Bloomberg says investors pricing in climate risk
Global investors are increasingly pricing in the risk of climate change, US billionaire Michael Bloomberg told AFP on Saturday after taking charge of a task force to bring greater clarity to the financial implications of a warming world.
Climate experts warn of huge consequences for the world's economy if humanity fails to curb emissions of climate-altering carbon gases, tipping Earth towards a future of rising seas, floods, storms and droughts.
Speaking on the sidelines of UN climate-saving talks in Paris, Bloomberg said investors were very much aware of the financial implications and were reacting.
"They understand a lot more than people realise," the former New York mayor said, pointing to a proliferation of issuances of "green bonds", created to finance projects with a positive impact on the environment or climate.
"The pension funds are starting to be much more activist in deciding what industries they will invest in and only investing in companies that are environmentally responsive."
Bloomberg was named Friday as chairman of a task force that will draw up international guidelines for companies to follow in disclosing to investors their exposure to climate risks.
The Switzerland-based Financial Stability Board, a watchdog set up to avert a repeat of the 2008 financial crisis sparked by the Lehman Brothers collapse, launched the task force on the sidelines of the Paris conference, which is seeking a global accord to brake emissions of greenhouse gases.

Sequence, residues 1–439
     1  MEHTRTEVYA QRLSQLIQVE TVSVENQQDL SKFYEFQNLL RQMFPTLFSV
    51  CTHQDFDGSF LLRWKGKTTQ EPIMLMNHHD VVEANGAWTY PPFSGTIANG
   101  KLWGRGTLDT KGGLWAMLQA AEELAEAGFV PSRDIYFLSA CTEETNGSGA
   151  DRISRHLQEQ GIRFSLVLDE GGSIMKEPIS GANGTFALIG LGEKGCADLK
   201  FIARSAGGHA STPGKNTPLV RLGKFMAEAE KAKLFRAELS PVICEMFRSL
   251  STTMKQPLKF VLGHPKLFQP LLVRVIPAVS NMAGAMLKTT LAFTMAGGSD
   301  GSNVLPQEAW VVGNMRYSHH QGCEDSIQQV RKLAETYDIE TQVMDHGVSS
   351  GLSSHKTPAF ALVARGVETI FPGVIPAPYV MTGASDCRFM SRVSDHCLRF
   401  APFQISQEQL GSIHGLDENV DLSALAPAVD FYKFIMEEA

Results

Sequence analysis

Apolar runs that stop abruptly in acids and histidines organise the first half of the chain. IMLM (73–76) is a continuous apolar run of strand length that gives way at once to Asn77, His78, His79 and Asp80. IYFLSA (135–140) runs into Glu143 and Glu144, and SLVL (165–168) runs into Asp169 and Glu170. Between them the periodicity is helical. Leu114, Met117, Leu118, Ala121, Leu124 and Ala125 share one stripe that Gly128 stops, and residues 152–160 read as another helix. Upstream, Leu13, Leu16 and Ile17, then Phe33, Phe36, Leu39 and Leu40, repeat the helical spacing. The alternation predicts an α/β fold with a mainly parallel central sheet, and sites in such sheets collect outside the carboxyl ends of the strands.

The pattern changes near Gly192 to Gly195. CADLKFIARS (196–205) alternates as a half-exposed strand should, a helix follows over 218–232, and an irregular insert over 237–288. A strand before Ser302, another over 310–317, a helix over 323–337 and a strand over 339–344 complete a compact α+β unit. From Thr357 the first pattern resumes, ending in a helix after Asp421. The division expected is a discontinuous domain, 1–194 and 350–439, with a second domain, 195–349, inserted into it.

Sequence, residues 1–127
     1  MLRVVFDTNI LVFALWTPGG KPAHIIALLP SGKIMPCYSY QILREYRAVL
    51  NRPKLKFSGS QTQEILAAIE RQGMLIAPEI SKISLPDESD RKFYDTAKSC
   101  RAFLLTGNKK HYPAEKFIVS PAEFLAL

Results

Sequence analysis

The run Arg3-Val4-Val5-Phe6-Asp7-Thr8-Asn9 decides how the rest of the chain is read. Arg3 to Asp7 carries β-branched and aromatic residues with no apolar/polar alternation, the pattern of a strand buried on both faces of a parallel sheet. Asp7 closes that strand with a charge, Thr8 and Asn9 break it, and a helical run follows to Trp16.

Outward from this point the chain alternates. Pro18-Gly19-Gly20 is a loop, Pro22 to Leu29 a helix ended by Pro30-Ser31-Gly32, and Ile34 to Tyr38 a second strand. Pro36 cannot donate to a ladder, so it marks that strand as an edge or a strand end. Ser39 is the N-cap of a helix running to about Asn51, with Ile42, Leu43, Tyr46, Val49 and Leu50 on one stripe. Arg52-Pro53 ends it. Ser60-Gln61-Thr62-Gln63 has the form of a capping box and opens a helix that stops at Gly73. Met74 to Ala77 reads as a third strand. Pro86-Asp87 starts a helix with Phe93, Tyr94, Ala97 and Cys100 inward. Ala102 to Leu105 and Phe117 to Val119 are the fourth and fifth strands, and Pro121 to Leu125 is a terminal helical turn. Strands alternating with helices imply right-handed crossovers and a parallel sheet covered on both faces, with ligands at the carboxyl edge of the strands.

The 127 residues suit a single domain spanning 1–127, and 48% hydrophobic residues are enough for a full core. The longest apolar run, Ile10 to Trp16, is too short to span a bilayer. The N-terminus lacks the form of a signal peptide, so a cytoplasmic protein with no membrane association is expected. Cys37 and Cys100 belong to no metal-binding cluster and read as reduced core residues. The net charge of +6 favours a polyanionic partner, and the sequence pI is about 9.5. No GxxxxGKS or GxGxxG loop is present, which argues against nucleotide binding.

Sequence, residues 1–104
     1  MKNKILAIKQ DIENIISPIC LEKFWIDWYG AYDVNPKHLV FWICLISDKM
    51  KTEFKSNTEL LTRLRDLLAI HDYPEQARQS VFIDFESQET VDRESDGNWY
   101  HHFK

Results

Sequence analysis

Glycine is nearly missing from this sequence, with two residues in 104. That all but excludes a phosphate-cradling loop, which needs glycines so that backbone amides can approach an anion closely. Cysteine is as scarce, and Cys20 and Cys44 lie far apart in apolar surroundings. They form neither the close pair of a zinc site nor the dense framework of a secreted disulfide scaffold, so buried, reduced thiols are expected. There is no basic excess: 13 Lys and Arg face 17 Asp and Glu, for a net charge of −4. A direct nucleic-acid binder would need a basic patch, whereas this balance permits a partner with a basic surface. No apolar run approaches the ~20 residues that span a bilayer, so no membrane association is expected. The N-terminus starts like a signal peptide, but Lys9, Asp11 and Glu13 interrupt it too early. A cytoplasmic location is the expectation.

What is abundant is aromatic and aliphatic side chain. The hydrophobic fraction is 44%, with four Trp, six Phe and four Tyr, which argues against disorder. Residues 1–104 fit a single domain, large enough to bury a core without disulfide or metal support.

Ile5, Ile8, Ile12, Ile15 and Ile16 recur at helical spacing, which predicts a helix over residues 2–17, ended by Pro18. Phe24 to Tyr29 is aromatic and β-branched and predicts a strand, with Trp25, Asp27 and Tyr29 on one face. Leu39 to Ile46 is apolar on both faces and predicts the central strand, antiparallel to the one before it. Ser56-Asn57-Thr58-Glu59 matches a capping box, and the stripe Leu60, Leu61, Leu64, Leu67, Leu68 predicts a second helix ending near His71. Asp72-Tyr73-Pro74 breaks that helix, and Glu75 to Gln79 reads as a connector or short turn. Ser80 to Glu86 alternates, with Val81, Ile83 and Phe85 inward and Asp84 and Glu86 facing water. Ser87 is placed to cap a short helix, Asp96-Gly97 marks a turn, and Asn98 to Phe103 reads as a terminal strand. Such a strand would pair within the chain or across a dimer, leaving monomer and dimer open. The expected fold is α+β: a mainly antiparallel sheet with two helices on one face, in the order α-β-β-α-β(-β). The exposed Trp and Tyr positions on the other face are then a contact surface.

"The more information you have the better the decisions you can make," Bloomberg said, adding investors had "not totally" taken climate risks into account yet.
"We will wait and see what the market place and the customers want to do and what the owners do.
"But at least giving people information on a comparable basis reasonably accurately, reasonably quickly, lets people then make informed decisions."
Power of the markets
Bloomberg said he firmly believed businesses would act to the growing threat of global warming, and not have to wait for government guidance or rules.
"Unless you are prepared to believe governments should dictate everything I think we should let the market place do an awful lot of this stuff," he said.
Companies and individuals can be very innovative, Bloomberg argued.
"We solve insolvable problems all the time. Philip Morris banned smoking in their offices—they sell tobacco. Exxon Mobil I think has really been a leader in trying to diversify," he added.
"So those companies are trying to adapt. The world does not end."
© 2015 AFP